Kobe Bryant created a Ruping-like controversial storm last week when he broadcasted this boast: “It’d be a tough one, but I think we’d pull it out.”
Calling today’s USA Olympic basketball team “a bunch of racehorses who are incredibly athletic,” he insulted the 1992 squad, saying they “consisted mainly of players at the tail end of their careers.”
Ouch. Charles Barkley, the offensive rebounder, took offense, saying, “How old is Kobe Bryant? He’s 34? And he’s calling us old? … Other than Kobe, LeBron and Kevin Durant, I don’t think anybody else on that team makes our team.”
Now that reply’s a slam dunk. Michael Jordan added: “For him to make that comparison, it’s one of those things where it creates conversation. I guess we’ll never know. I’d like to think that we had 11 Hall of Famers on that team, and whenever they get 11 Hall of Famers, you call and ask me who had the better Dream Team. Remember now, they learned from us. We didn’t learn from them.”
MJ is right. Team 1992 was composed of Larry Bird, Scottie Pippen, Clyde Drexler, John Stockton, Karl Malone, Patrick Ewing, Chris Mullin, Christian Laettner, David Robinson, Magic Johnson, Barkley and Jordan. (All are Hall of Famers except for Laettner.)
In the Barcelona Olympics, they beat Angola by 68 points, Croatia by 33, Germany by 43, Brazil by 44, Spain by 42, Puerto Rico by 38, Lithuania by 51 and, in the final, beat Croatia, 117-85. Their average margin: 44 points.
So, 1992 or 2012? Who’s better? The funny thing is, the London Games haven’t even started! Team USA hasn’t even won a single game. Still, if this hypothetical encounter were to happen, what would be the result?
One dominant theme arises: Size matters. “There’s no question about it — we’d kill them,” said Ewing. “We were much bigger. Our bigs were much bigger and if not the same, [even] more athletic. We had Magic, Michael. I think we would dominate them.”
While the 2012 US team only has one natural center with Tyson Chandler at 7’1”, the ’92 team had plenty of giants: Robinson (7’1”), Ewing (7’0”), Laettner (6’11”), Malone (6’9”). And should we forget, Bird and Magic stood at 6-foot-9.
“Because we don’t have a lot of big guys, Carmelo, LeBron and Kevin Durant will all be at the 4 [power forward] and 5 [center],” said coach Mike Krzyzewski. “Andre Iguodala will be at one of the bigs, too. We have to compensate our loss of big guys with athleticism.” The coach added: “The quickness of this team, this is the quickest team I’ve ever coached, including U.S. teams. We have to build on that. Instead of talking about the fact that we don’t have many centers — it would different if we had Dwight and Chris Bosh. We’d play a little bit differently. We don’t, so we have to rely on our strength, which is versatility, quickness, speed.”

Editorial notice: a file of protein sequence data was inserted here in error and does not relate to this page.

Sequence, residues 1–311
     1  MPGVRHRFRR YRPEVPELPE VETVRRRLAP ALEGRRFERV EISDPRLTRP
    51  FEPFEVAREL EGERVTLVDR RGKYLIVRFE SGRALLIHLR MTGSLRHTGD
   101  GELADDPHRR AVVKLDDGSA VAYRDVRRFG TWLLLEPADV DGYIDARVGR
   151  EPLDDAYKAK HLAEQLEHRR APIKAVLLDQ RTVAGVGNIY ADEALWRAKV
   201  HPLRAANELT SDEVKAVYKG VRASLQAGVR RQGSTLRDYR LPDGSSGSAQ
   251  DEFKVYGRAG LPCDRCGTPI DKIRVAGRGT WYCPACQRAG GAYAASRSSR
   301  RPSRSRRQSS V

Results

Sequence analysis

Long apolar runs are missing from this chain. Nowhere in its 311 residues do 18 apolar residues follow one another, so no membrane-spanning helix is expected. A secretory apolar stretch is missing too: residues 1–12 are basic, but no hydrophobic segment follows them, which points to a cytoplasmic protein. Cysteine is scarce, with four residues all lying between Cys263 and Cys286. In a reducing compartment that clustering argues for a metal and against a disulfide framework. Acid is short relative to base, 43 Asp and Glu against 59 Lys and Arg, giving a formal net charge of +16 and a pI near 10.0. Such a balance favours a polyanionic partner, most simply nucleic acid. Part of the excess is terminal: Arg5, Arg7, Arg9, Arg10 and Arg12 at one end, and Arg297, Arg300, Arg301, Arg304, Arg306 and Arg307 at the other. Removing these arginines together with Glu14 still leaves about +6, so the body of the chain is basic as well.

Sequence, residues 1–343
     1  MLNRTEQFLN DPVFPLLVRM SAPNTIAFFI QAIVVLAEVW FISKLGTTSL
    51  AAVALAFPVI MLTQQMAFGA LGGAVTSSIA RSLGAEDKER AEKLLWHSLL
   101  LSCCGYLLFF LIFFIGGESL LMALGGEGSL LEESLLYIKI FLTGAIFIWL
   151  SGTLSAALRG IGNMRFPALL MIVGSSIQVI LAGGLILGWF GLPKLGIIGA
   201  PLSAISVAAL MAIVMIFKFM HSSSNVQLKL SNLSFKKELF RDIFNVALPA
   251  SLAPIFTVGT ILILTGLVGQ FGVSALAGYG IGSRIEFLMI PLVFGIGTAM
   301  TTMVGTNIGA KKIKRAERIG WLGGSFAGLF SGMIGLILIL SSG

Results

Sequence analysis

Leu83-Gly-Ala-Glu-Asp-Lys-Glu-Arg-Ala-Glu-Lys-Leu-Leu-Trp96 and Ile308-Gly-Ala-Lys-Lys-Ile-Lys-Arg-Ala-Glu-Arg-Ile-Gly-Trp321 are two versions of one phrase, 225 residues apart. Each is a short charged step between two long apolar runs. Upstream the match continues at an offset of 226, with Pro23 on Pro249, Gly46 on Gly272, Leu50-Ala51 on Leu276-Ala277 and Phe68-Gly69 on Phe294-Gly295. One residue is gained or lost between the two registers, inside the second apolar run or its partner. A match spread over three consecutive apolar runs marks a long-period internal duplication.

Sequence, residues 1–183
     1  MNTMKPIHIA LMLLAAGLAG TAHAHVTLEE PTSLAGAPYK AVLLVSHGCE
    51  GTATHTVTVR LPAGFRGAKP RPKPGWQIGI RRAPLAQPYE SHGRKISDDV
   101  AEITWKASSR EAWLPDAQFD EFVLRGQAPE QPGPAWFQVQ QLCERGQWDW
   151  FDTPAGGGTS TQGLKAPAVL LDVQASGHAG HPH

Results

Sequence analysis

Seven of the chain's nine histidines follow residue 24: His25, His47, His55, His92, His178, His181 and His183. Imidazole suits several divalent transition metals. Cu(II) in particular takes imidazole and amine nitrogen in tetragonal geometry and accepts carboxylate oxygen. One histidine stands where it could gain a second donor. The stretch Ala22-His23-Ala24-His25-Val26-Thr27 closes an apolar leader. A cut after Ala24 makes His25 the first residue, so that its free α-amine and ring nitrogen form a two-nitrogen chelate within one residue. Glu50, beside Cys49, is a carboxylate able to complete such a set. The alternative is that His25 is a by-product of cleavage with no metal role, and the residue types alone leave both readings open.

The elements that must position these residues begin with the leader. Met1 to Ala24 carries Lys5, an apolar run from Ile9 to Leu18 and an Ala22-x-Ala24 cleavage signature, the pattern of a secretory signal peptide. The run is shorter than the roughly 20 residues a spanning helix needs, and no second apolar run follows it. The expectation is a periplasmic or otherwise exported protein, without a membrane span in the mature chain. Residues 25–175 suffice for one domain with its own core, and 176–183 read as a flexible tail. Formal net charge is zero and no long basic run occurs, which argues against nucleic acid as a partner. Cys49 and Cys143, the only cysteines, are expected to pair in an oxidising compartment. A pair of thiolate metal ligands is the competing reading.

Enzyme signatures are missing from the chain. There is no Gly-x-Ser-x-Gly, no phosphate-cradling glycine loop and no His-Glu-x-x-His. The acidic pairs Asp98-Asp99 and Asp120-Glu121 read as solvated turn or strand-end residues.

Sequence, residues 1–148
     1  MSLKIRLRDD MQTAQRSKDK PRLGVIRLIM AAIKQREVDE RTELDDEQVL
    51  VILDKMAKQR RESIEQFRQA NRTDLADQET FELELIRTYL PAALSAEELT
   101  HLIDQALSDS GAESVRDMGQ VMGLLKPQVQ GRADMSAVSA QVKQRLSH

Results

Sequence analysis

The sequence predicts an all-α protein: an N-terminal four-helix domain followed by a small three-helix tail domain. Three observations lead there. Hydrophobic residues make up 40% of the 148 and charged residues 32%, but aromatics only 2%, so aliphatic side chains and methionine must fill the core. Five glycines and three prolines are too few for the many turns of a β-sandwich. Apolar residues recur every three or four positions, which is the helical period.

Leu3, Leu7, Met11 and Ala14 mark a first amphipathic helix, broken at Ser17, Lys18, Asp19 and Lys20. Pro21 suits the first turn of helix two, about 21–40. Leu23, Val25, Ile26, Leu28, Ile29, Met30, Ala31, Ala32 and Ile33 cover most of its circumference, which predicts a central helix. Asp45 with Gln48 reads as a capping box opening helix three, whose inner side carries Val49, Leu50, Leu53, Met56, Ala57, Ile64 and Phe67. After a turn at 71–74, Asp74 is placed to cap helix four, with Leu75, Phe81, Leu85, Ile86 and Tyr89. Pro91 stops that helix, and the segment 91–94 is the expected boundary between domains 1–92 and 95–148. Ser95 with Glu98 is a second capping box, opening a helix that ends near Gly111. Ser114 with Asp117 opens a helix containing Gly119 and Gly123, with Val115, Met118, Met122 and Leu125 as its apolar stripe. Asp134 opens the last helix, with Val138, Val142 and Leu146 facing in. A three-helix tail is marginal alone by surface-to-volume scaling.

In the end, all this trash talk serves one purpose: to draw attention. And, for that alone, shifting the focus from Michael Phelps and Usain Bolt to the American basketball team, why, that’s good for Kobe and LeBron.
And you know how good Americans are at trash-talking. Very often, these words scare the enemy. That’s an added purpose. Still, some players don’t like this verbal war, LeBron included. “It’s nothing fun about it,” said LeBron. “That’s a great team, we understand that. They set the standard for a lot of us. We’re trying to make our own mark so that teams will come after us.”
Carmelo Anthony agrees. “Why can’t it all just be love? It’s always got to be us against them or them against us,” said Anthony. “We all USA basketball players, man. I’m not here to sit and say we’re better than them, or better than this or that. We’re trying to make a statement with the game we have. What they did back in ’92 will never be duplicated. We’re just trying to start our own thing and hopefully continue our legacy.”
As for Deron Williams, he wants this issue settled, joking, “I think right now, if they come out here, we’ll beat them,” Williams said. “Right now.”
Yep, when MJ is 49 years old!